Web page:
Ensuring business continuation in the automotive sector

Sep 04, 2022
  • IT
  • automotive

There’s no industry like the automotive industry: nowhere else is the relationship between OEMs (in this case: car manufacturers) and tier 1 suppliers so critical for long-term business survival. This unique dynamic poses a number of potentially business-breaking challenges. “To become future-proof and ensure business continuation, automotive players need not only to understand these challenges. They must also be able to measure their progress on specific KPIs,” argues delaware’s automotive expert Glenn Huybrechts, who developed a unique KPI framework based on three pillars.

A primer on the automotive industry

Consider the automotive industry as a pyramid, with vehicle manufacturers – also called original equipment manufacturers or OEMs – at the top. Next level down are tier 1 suppliers, who usually sell specialized assemblies or parts directly to the OEM. They purchase their supplies from tier 2 suppliers, who purchase from tier 3 suppliers, and so on. 

As a tier 1 supplier, you have previously bid on a request for quotation issued by the OEM. If chosen, these suppliers will likely make a significant capital investment in R&D and production assets to be able to supply this part for the duration of that specific car model (approximately 4 to 8 years). 

From costs to customer expectations

“Until recently, the automotive industry was a stable, very cost-driven vertical, with price as an essential differentiator. Since there exist only a limited number of OEMs (or potential customers for tier 1 suppliers), they could put a lot of pressure on suppliers to keep prices low while also demanding high-quality, reliability, and accurate delivery.” 

“Today, however, the focus has shifted from costs to meeting customer expectations and adding value,” Glenn continues. “Modern drivers are willing to shell out more for extra functionality, smart features, compelling experiences, etc. As a result, building strong partnerships and ecosystems that foster strong co-innovation and co-creation has gained importance in the OEM-supplier dynamic. At the same time, striking the right balance between reliability, quality, and accuracy remains as important as ever.”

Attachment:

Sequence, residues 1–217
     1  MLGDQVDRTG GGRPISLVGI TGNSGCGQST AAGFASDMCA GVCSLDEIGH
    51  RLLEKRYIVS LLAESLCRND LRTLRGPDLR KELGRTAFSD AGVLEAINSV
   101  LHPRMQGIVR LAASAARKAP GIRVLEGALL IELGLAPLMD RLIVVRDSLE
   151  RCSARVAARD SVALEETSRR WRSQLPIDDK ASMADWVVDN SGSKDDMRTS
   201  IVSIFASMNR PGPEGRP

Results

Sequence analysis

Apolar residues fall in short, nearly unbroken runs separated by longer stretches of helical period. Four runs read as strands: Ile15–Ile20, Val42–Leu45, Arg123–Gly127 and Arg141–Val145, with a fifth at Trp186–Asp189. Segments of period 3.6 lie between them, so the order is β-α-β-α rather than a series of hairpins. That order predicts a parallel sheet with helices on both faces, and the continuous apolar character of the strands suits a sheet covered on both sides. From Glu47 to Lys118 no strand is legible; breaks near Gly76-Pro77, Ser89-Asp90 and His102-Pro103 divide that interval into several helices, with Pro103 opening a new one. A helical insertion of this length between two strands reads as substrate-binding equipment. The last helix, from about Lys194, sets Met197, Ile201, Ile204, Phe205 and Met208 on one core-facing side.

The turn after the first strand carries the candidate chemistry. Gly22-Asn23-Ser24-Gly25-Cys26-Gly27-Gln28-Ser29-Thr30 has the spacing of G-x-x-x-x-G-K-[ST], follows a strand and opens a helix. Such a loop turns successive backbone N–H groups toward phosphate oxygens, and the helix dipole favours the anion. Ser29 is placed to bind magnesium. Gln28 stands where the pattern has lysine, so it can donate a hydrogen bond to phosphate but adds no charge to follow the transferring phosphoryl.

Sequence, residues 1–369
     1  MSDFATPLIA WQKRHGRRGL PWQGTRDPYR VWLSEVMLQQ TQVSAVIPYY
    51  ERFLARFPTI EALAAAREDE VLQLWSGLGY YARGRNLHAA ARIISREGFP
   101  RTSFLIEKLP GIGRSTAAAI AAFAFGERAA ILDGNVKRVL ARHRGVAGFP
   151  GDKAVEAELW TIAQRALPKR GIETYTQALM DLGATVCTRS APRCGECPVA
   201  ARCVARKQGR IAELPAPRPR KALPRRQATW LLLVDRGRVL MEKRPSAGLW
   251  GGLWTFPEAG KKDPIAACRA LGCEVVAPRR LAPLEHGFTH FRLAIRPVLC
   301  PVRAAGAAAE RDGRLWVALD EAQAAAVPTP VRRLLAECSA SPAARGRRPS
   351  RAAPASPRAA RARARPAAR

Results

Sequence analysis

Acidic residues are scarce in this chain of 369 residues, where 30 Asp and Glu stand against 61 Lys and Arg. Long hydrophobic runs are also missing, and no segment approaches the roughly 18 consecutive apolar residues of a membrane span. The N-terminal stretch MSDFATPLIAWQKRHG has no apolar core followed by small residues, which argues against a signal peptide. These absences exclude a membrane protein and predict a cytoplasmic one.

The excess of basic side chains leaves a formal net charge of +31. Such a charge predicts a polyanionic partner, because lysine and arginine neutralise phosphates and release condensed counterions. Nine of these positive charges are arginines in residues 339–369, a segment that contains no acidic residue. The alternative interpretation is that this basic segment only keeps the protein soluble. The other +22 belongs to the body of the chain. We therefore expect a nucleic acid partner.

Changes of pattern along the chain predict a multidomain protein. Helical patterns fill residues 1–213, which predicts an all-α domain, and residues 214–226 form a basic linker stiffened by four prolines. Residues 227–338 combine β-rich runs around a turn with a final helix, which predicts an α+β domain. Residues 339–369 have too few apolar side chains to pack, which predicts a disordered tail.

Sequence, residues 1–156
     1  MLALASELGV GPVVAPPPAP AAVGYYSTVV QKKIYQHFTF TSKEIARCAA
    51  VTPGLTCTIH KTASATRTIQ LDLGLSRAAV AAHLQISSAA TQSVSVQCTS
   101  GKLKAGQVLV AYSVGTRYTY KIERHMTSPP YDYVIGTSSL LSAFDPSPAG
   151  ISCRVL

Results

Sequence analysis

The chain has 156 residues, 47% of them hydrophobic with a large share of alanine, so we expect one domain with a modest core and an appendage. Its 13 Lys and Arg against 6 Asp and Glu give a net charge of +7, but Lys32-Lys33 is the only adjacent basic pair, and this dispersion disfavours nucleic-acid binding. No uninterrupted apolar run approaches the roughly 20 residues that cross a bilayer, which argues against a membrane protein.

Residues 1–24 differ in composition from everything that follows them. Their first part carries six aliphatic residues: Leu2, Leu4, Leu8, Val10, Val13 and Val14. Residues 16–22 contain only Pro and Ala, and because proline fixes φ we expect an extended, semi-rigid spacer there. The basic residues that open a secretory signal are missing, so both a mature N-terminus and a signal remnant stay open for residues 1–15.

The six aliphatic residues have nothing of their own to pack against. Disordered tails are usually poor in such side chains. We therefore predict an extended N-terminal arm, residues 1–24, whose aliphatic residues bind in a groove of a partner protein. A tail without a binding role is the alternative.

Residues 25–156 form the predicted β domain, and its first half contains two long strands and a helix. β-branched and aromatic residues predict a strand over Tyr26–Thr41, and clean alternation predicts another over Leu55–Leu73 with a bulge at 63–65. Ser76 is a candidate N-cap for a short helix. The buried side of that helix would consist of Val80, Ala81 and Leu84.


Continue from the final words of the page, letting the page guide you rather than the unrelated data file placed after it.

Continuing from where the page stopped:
OEM as leader and coordinator

“Contrary to many other industries, tier 1 suppliers rarely get a long-term fixed price contract,” says Egon Nuyts, automotive expert at delaware. “Instead, the actual POs are issued on a short-term basis. This gives the OEM the opportunity to renegotiate certain aspects of the deal, like price, quality, quantity, and so on.” 

In addition, OEMs also have ‘general terms’ that are used for the procurement of manufacturing parts. These terms can include, for example:

  • Warranty provisions that determine the suppliers’ liability for design defects, intellectual property infringements, and the cost of recalls;
  • The suppliers’ obligation to deliver parts to the OEM for years after model production ends. This leaves the supplier with the cost of maintaining a production line without the chance to recoup expenses through high sales volumes;
  • Suppliers are expected to comply with stringent industry and OEM standards and guidelines. These requirements relate not only to quality, timing, location, etc., but also extend to financial reserves, efficient manufacturing operations, and other proof that they are running a healthy business. After all, the more efficiently a tier 1 supplier organizes its own processes, the lower the risk for the OEM.